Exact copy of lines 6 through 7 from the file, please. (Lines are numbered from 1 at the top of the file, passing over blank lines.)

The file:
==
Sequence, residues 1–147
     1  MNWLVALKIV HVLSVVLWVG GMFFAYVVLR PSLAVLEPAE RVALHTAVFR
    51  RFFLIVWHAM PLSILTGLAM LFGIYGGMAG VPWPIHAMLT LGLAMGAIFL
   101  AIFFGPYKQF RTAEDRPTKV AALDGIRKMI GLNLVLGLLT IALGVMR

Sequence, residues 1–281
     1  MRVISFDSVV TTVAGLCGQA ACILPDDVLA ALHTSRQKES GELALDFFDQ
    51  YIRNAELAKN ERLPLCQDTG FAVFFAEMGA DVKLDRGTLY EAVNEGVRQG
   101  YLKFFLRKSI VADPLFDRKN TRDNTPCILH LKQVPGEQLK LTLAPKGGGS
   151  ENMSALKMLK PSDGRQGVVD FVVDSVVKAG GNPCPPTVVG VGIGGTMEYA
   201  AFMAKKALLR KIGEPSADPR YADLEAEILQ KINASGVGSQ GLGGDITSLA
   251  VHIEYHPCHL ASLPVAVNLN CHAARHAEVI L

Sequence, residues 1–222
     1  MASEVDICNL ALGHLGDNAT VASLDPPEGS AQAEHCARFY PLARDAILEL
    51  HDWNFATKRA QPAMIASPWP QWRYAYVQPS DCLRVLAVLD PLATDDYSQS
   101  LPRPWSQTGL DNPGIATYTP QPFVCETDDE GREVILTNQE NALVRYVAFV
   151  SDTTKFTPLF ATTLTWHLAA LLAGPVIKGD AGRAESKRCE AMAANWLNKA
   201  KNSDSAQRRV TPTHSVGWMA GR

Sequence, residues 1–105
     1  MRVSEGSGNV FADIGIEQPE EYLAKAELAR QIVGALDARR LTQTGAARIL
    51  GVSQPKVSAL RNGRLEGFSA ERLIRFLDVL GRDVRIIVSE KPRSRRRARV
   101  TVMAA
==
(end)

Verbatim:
     1  MRVISFDSVV TTVAGLCGQA ACILPDDVLA ALHTSRQKES GELALDFFDQ
    51  YIRNAELAKN ERLPLCQDTG FAVFFAEMGA DVKLDRGTLY EAVNEGVRQG